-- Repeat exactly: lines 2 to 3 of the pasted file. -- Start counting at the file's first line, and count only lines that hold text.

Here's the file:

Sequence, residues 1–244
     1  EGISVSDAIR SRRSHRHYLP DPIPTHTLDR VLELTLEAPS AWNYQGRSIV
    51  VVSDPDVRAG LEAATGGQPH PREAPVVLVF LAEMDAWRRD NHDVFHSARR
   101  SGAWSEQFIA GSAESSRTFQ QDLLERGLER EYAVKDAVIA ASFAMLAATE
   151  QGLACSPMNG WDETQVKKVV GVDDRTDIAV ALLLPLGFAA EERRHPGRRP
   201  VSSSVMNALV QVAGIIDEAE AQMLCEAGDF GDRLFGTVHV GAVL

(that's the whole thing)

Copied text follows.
     1  EGISVSDAIR SRRSHRHYLP DPIPTHTLDR VLELTLEAPS AWNYQGRSIV
    51  VVSDPDVRAG LEAATGGQPH PREAPVVLVF LAEMDAWRRD NHDVFHSARR